The technical expertise of the Berneron brothers was insufficient to attract an $80k euro bid for their hotrod Honda, but it might have been a publicity exercise?
Also on the auction front, you may have heard that a world record price was set by Artcurial auctions at Rétromobile, with a 1957 Ferrari 335 S Scaglietti sports racer selling for $35.7M.  Wow, I coulda bought a Rembrandt!  Then again, the Ferrari is its own sort of masterpiece.   Enjoy the photos of the event - very few Americans make it across the pond for this one, but more should.
Original paint Mercedes-Benz 300SL that dull sheen
An open cockpit gives me goosebumps.  This 1932 Aston Martin 1.5L Le Mans was left in its original appearance where possible, but the mechanicals were completely renovated, as were the seats.  Vive le Oily Rag! 
A shaft-driven DOHC Ballot motor sat beside the car it powered, a fantastic engine from the 1920s.
Ballot built motorcycles too; here's their in-bloc 175cc two-stroke
No gearhead visit to Paris is complete without a visit to the Arts et Metiers museum, housed in a former church.  It was forcibly de-consecrated by the Jacobins during the Revolution, and converted to a Church of Technology in 1794, which it remains today.  This Blériot biplane faces off with Foucault's Pendulum in the apse of the Gothic church.  
No worries about Zika virus with this mosquito nose! A big blower Bentley... 
Probably the best international selection of motoring books in one location at Retromobile, with a dozen dealers on hand to tempt the collector.  It's amazing how many titles are never translated into bookshelves have a lot of Italian, French, and German texts on rare makes.
A faux garage inside the hall...and pretty much my ideal of a motorcar.  But then I'm a Velocette guy - into eccentric/brilliant engineering. 
Yes, motorcycles at Rétro; this stand was 100% Harley-Davidson, with some interesting machines, like the aborted VR1000 road racer
Big n little toys.
Art is where you find it. This F1 Ferrari has an amazing exhaust system...I well recall it from my youth, being a Matchbox model...
A phalanx of competition Ferraris at one display, next to a whole bunch more beside, and then the'd think they were rare!  But they aren't rare inside these halls.
The monstrous 'Beast of Turin' Fiat LSR 300hp car from 1911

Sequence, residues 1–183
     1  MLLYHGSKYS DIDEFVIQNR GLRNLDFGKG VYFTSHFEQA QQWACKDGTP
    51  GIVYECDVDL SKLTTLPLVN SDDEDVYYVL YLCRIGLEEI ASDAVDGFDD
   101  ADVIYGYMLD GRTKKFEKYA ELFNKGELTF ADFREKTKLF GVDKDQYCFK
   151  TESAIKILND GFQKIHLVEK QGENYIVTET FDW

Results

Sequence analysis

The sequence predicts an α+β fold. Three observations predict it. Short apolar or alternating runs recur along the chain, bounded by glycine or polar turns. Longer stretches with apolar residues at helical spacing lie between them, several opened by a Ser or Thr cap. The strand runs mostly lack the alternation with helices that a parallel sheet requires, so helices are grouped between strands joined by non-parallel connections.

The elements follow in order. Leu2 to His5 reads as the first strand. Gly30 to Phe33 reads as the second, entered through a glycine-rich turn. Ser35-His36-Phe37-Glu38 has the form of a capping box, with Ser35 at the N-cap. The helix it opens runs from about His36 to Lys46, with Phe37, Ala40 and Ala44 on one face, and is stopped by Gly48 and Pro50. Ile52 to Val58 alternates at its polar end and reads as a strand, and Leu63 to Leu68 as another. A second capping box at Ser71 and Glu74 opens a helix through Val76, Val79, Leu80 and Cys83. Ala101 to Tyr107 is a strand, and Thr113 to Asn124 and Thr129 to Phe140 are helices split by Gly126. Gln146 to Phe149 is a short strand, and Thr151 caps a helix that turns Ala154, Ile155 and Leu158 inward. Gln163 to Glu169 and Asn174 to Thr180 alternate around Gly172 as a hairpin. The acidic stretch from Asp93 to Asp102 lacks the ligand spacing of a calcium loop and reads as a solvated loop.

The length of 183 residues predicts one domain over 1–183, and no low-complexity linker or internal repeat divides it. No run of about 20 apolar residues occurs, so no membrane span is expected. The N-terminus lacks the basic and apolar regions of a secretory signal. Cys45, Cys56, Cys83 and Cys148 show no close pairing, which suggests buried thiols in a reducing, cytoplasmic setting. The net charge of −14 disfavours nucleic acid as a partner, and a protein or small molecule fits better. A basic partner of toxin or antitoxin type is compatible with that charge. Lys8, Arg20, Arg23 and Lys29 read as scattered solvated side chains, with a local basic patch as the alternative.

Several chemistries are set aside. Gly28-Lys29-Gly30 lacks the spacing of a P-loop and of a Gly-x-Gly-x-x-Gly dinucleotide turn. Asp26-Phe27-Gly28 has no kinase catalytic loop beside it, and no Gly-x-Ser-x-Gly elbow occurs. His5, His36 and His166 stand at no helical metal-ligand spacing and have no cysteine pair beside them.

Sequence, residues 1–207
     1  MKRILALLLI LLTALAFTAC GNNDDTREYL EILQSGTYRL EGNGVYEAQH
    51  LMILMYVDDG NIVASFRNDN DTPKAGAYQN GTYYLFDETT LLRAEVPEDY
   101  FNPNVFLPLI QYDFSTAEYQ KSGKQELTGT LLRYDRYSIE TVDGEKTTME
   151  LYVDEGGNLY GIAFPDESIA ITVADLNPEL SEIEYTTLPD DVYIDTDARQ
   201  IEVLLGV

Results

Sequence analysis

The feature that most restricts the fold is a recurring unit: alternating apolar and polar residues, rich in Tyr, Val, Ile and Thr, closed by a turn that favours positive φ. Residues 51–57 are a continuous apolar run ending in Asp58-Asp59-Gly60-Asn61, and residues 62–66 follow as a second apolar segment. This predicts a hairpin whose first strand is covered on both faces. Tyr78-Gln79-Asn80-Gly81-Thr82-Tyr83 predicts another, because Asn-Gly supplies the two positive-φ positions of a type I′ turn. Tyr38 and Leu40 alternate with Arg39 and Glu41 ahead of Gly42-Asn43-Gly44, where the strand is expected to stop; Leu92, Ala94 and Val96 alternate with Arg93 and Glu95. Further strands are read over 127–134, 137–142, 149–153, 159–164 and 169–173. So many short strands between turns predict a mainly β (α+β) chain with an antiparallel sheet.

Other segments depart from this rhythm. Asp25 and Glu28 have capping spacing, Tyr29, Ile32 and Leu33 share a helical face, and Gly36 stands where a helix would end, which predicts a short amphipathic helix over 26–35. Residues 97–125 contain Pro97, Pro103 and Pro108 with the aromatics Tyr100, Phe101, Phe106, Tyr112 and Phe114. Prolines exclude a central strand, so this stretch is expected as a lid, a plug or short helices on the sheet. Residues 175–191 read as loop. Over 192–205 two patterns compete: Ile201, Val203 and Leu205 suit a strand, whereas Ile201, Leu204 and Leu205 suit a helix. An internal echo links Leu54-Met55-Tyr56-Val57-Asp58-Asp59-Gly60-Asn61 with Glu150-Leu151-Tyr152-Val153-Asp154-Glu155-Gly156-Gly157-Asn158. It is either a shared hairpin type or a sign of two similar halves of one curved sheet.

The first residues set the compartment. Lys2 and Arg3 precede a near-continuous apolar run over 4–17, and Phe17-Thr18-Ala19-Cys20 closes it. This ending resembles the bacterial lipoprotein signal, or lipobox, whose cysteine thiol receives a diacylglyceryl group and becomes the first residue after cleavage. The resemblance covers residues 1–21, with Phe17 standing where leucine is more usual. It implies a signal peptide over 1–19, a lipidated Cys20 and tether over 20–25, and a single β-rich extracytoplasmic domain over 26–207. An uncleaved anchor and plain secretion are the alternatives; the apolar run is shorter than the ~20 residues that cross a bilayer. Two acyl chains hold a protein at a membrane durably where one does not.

A hot Matchless G50 at the Coy's auction stand
Lovely original paint H-D with all ancillaries intact
A pair of kiddie-ride JLO bikes, among many such vehicles for sale
Let's not forget Lady Liberty was a gift from the French people - the original model lives in the Arts et Metiers museum
This book looks familiar...
Lovely postwar Velocette Mk8 KTT
I'm fascinated by early machinery like this 1905 Darracq V-8 racer - the very essence of motoring, and the point of connection between cars and motorcycles.
More rhomboidal cars...this one a cracked egg. 
The 8' long ship model I mentioned for sale, with its purpose-built case.  Where else does one find such a thing?
Original paint 1955 Porsche Speedster 1500S from Washington state.
The Target MV and a Magni version, amongst a sea of Porsches
Motorcycles tend to be tucked into corners of auto displays, in this case a '56 Triumph T110 keeping an Aston Martin DB2 company... 
The automobilia on offer is everything you might not be looking for...
The 1892 Millet at the Arts et Metiers museum, the first motorized vehicle to use pneumatic tires, with its fantastic rotary/radial air-cooled engine.
A c.1920 Leyat Hélica at the Arts et of my favorite vehicles of any era. Utterly impractical and totally dangerous, yet to this day road legal in France!  (Except Paris, which is about to enact a ban on pre-2000 motorcycles and cars...)
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Rhynchocephalian said...

I'm always stunned and amazed by the selection of pictures you present! Great subject matter as well!

Anonymous said...

Ta' muchly.
Although not too sure about cranking over the 'Beast of Turin': was this cranked over and there is enough time due to the long stroke to nip around to the cockpit to tweak retard/fuel in order to make it catch?

M_Sharp said...

Excellent article & photos, thanks!